Midwest Wolves Returning to Former Territory

Sep 11, 2020  | 7 min  | Ep4604

Once upon a time, there were two groups of predators who constantly fought over the same prey. They battled one another for generations until, finally, one pushed the other out. Over time, the winning predators began to miss their enemy. Some helped their former rivals return to the once-contested forests and fields. And, now, it only remains to be seen if they can live side by side.

While it may not read like an old storybook, Michigan wildlife biologist Brian Roell keeps a list on his computer of important “wolf dates.”Brian Roell, wildlife biologist, Michigan Department of Natural Resources: “Throughout the early 1900s, killed every wolf you would see because they were a bounty animal. In 1956, we felt there were fewer than 100 wolves in the Upper Peninsula and, four years later, the bounty was removed.”

By the end of the 1960s, gray wolves had all but disappeared from the region, with one small pocket remaining in northeast Minnesota’s Iron Range. In 1966, wolves were listed as endangered under the precursor to the Endangered Species Act.

Brian Roell, wildlife biologist, Michigan Department of Natural Resources: “As things changed both ecologically and socially, you know, people started to realize that predators were an important part of an ecosystem.”

By the 1980s, wolf populations began to rebound across Minnesota, Wisconsin and Michigan. Roell says exceeding planned population goals should have resulted in wolves being removed from the endangered species list. Instead, a series of administrative changes and answering lawsuits have meant the wolf's status on the list in Michigan has whipsawed, changing seven times in an 11-year period.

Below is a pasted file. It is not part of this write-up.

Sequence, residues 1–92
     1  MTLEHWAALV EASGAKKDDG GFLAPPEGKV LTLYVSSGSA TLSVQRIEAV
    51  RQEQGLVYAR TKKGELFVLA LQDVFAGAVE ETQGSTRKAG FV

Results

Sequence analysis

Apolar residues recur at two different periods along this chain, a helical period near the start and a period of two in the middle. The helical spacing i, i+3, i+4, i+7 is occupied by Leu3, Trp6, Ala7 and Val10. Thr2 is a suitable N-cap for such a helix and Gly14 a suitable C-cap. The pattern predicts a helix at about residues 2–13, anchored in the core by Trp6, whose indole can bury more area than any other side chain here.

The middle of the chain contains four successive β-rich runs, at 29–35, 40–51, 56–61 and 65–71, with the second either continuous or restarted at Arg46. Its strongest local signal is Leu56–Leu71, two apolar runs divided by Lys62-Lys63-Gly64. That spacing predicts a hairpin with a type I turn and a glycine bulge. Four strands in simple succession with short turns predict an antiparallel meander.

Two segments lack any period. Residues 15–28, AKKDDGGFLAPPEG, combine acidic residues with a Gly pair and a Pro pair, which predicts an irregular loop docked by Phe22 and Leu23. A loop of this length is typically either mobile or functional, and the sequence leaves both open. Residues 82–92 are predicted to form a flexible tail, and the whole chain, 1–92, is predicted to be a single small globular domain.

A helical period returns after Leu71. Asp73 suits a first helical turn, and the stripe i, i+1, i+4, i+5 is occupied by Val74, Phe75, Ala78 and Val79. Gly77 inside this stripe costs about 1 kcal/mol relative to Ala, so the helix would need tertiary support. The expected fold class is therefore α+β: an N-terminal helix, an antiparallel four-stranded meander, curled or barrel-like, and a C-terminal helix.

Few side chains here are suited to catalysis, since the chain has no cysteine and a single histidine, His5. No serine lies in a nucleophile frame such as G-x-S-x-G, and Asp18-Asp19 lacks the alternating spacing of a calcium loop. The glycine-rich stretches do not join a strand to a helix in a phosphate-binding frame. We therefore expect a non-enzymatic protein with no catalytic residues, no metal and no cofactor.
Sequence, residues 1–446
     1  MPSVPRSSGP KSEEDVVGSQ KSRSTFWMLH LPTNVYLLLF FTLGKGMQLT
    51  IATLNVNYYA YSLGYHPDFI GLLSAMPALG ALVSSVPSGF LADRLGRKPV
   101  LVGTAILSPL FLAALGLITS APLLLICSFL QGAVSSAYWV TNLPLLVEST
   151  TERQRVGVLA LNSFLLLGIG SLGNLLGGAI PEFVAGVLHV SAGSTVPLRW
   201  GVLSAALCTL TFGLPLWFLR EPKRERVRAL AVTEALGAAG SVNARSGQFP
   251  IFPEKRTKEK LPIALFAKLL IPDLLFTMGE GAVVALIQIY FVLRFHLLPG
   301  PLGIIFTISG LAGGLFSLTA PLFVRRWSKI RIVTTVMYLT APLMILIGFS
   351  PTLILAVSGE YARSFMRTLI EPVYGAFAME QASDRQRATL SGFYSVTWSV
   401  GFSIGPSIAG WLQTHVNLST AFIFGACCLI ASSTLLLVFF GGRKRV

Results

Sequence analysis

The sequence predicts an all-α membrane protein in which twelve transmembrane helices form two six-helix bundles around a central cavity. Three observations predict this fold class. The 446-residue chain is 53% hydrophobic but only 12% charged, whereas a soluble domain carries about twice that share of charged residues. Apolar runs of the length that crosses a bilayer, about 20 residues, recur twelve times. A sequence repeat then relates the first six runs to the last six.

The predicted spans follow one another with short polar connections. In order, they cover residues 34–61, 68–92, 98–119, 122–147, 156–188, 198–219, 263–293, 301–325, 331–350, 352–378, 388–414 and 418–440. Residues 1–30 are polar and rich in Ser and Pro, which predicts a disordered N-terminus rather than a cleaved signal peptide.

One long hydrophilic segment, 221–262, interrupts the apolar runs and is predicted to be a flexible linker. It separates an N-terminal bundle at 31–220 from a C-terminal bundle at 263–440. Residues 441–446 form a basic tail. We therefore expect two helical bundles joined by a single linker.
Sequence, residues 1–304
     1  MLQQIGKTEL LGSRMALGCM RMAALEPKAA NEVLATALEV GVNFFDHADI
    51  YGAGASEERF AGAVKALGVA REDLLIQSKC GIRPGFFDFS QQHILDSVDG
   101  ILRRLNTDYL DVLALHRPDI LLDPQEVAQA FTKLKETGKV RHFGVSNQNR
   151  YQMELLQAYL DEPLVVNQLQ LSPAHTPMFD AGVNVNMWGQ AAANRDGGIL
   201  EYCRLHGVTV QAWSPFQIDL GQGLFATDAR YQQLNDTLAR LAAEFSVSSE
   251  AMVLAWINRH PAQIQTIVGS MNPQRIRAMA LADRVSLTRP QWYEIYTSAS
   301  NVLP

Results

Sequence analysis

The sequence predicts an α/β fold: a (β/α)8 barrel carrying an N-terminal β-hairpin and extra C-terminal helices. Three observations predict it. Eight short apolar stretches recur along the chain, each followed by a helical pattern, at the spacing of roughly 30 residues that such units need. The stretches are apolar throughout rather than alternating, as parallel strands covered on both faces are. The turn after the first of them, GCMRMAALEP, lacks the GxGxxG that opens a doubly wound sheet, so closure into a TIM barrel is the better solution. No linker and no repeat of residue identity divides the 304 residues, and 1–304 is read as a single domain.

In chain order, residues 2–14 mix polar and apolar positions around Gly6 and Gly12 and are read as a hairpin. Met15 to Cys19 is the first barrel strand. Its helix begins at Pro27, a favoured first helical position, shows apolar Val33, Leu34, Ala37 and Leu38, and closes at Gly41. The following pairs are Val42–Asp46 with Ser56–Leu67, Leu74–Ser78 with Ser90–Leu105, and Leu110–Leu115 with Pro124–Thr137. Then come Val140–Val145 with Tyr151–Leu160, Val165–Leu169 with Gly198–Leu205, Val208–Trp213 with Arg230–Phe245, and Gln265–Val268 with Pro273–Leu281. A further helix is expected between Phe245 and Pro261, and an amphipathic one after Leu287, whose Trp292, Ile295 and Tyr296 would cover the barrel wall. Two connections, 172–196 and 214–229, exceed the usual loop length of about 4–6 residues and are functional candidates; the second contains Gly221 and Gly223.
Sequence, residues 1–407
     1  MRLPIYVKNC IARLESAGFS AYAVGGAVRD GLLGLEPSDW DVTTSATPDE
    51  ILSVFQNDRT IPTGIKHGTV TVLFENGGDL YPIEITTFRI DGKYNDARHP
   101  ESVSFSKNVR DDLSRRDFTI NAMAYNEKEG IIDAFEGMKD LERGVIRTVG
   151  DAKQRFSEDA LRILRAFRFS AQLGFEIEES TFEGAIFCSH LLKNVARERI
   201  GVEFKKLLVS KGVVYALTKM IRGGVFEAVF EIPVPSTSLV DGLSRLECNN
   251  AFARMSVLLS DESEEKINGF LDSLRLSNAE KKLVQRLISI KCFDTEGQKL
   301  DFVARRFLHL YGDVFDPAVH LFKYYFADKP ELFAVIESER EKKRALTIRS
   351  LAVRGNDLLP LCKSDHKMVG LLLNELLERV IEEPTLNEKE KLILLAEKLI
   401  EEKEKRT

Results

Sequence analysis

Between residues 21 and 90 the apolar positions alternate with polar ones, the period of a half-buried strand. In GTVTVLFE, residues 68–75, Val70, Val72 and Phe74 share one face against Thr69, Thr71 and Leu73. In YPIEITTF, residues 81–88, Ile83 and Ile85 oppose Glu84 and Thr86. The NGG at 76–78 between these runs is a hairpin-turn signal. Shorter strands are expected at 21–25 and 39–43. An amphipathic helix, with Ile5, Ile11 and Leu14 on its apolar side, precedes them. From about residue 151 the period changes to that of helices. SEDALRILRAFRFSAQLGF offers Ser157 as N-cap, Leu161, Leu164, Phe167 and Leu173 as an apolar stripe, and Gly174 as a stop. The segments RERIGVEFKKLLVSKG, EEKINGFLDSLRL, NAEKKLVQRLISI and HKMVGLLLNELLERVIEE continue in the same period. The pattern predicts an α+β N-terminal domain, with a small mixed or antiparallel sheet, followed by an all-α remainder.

Brian Roell, wildlife biologist, Michigan Department of Natural Resources: "So it has been this yo-yo movement that I don’t think really has helped wolves in this case. All it does is build this animosity that we can’t do anything: we can’t protect our own livestock, our own pets.”

Roell says when those lawsuits succeed, the rare wolf found hunting lambs or calves can only be dealt with in non-lethal means. Nearly all of those measures eventually stop being effective.

Brian Roell, wildlife biologist, Michigan Department of Natural Resources: If we could empower the farmers to do some of that work… it grants wolves some approval rating that…’I can deal with that.' But when they are so hands-off that even though they are killing cattle, I’m not allowed to kill the wolf’, that creates animosity and what they do is they tell their neighbor and that neighbor tells their buddy and it just snowballs so people have this belief that wolves are rampantly killing livestock, which isn’t the case.”

Two hundred fifty miles away, in Minnesota, wolf numbers are climbing and territory is expanding. The state estimates the wolf population now numbers more than 2,800, about two-thirds of the total in the western Great Lakes region.